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ISSN: 2157-7013
Journal of Cell Science & Therapy
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Human Retroviruses and Soluble CD30 Levels of Patients

Shigeki Takemoto1,2*

1Department of International Cooperation, Graduate School of Medical Sciences, Kumamoto University, Japan

2Clinical Laboratory, National Hospital Organization Kumamoto Medical Center, Kumamoto, Japan

*Corresponding Author:
Shigeki Takemoto
Chief of Clinical laboratory National Hospital Organization
Kumamoto Medical Center1-5 Ninomaru, Kumamoto 860-0008,Japan
Tel: +81-(0)96-353-6501
Fax: +81-(0)96-325-2519;
E-mail: [email protected]

Received Date: September 25, 2014; Accepted Date: November 10, 2014; Published Date: November 13, 2014

Citation: Takemoto S (2014) Human Retroviruses and Soluble CD30 Levels of Patients. J Cell Sci Ther 5:184. doi: 10.4172/2157-7013.1000184

Copyright: © 2014 Takemoto S. This is an open-access article distributed under the terms of the Creative Commons Attribution License, which permits unrestricted use,distribution, and reproduction in any medium, provided the original author and source are credited.

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Abstract

Human T-cell leukemia virus type 1 infection makes CD4+ T cells transformed into leukemic cells, whereas human immunodeficiency virus make them destroyed. Interestingly, activation of CD30 led to the induction of apoptotic death of anaplastic large cell lymphoma cells, while Hodgkin’s lymphoma cells, which constitutively express NF-κB, were not susceptible to CD30-induced apoptosis. Such a pleiotropic effect of CD30 signaling is dependent on cell type, B-cell or T-cell, and probably different activation status of NF-κB, constitutive or inducible.Accordingly, CD30 triggering may be responsible for the enhanced retroviral replication and T cell death under the influence of T cell activation and/or NF-κB activation status, showing high levels of sCD30.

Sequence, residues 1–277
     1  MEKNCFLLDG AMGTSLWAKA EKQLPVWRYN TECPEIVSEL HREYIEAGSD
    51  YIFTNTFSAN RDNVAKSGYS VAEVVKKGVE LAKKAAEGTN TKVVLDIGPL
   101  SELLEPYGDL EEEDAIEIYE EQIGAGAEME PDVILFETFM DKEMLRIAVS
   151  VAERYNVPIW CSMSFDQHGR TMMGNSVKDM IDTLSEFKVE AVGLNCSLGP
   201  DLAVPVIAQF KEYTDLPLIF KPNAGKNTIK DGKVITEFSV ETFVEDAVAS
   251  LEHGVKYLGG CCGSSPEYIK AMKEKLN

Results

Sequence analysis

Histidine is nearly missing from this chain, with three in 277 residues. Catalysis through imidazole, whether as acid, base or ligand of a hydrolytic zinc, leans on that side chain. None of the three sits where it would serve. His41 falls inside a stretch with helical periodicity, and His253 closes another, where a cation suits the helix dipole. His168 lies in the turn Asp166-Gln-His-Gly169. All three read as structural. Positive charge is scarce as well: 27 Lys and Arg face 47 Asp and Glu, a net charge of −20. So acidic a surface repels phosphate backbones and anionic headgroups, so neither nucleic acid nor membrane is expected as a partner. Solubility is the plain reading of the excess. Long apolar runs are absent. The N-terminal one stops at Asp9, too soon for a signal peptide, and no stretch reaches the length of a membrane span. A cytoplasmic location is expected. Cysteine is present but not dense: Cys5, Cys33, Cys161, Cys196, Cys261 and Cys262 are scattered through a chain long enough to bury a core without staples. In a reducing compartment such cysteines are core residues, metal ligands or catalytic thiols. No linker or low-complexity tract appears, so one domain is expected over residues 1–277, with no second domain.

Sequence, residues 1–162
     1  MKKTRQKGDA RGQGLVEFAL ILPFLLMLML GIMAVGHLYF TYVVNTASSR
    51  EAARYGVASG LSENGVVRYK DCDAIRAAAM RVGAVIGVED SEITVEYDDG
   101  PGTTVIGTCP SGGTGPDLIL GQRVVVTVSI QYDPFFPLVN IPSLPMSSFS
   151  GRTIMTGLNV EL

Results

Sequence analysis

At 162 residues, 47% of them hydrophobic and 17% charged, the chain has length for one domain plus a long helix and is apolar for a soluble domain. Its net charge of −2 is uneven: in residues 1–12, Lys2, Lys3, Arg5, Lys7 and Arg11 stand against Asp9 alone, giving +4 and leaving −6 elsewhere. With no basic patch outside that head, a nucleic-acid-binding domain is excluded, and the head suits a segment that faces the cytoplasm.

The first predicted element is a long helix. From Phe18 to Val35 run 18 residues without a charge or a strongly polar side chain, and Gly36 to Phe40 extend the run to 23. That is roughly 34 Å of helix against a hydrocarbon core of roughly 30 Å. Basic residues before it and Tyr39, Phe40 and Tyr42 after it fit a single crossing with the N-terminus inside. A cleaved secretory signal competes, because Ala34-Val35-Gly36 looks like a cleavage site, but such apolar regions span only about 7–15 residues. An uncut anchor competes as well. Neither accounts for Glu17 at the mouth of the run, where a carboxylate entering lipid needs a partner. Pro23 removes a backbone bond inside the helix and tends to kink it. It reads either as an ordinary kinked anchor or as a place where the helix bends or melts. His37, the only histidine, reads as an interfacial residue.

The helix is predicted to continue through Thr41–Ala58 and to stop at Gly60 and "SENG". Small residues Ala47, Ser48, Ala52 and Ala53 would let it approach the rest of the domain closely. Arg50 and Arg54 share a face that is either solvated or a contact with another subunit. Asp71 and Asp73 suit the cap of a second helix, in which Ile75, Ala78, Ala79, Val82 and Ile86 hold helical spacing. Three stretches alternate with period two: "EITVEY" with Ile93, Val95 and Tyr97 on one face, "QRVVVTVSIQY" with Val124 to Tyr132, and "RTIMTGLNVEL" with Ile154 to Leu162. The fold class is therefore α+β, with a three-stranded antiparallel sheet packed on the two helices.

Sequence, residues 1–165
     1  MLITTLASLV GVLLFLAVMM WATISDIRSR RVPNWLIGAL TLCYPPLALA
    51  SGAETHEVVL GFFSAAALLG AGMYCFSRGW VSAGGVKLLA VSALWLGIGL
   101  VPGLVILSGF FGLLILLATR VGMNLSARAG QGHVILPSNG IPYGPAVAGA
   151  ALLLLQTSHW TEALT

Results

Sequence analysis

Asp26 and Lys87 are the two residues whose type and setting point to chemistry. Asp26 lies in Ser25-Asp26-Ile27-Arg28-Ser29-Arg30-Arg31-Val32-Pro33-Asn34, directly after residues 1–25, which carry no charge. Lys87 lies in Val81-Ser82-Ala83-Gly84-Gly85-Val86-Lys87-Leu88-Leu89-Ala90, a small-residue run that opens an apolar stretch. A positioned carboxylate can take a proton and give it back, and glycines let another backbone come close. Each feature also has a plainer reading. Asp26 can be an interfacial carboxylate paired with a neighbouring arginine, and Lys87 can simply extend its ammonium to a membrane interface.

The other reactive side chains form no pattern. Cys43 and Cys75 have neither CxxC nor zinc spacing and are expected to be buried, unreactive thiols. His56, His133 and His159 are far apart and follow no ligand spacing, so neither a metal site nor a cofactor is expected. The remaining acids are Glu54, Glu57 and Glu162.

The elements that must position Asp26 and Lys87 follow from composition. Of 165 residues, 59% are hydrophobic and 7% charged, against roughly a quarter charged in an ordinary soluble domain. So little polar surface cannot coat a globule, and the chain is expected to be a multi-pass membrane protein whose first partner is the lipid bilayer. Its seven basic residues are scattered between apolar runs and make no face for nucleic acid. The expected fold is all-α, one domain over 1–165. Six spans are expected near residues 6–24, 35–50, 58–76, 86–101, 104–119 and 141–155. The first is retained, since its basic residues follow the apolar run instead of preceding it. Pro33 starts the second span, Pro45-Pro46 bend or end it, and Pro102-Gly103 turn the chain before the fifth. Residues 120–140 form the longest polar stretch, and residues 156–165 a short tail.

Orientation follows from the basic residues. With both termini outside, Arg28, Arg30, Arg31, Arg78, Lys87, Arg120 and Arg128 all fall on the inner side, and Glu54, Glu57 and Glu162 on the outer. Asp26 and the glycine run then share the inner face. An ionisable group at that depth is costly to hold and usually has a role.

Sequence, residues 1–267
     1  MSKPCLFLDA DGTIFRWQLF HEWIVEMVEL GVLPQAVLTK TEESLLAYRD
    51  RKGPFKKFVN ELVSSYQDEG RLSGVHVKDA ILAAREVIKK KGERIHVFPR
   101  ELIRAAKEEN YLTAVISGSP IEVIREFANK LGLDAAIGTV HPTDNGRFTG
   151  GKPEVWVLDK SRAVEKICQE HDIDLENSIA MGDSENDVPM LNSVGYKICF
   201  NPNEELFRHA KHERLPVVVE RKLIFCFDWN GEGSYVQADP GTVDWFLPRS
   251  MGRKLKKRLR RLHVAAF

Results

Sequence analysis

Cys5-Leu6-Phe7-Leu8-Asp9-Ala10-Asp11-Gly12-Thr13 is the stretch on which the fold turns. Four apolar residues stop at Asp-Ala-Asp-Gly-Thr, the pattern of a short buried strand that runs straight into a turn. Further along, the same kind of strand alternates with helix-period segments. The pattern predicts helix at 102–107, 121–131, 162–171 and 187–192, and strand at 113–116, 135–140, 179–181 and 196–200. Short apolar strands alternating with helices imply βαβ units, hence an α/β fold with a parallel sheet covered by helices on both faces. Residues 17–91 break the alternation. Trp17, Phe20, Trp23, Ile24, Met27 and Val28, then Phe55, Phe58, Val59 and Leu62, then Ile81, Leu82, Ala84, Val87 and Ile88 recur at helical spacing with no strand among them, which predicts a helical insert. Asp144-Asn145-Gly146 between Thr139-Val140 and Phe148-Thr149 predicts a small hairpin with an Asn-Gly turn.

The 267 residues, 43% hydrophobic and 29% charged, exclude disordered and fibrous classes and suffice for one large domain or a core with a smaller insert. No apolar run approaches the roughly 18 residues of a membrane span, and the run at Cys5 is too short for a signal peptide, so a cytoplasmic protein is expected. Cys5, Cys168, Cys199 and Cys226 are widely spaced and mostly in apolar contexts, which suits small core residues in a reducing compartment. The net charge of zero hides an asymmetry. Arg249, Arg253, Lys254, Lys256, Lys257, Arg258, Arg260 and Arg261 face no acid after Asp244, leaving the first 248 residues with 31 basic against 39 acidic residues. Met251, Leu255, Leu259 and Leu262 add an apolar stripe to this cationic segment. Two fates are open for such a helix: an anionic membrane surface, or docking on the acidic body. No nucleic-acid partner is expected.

Keywords

Soluble CD30 (sCD30); Human T-cell leukemia virus type 1 (HTLV-1); Adult T-cell leukemia (ATL); Human immunodeficiency virus (HIV); Acquired immunodeficiency syndrome (AIDS)

Short Commentary

Most of people are unfamiliar with retroviruses. There are a broad species infected with them. What are they?

Fifty years ago (In 1960s), some researchers studied on oncogenic viruses in animals. DNA virus and RNA virus composed them. In 1970, Dr. Howard Temin and Dr. David Baltimore discovered an enzyme, reverse transcriptase [1,2]. This finding meant that RNA virus could change a form of genome into DNA [3]. Then scientists around the world were looking for the human retrovirus. However, nobody could detect in a body of human for a decade.

In 1976, Dr. Kiyoshi Takatsuki, et al. noticed a new type of adult leukemia in Japan [4]. The shape and form of leukemic cells are quite unique and nuclear of them look like a flower. In addition, all patients with this type of leukemia were from Kyushu, the south-western part of Japan. Dr. Takatsuki imagined that this leukemia was associated with viral infection. Soon after the publication of new disease as adult T-cell leukemia (ATL) in 1977, Dr. Yorio Hinuma and Dr. Isao Miyoshi found anti-virus antibody in blood of the patients [5]. In fact, the leukemic cell were infected with retrovirus, which is the first discovered human retrovirus, human T-cell leukemia virus type 1 (HTLV-1) [6].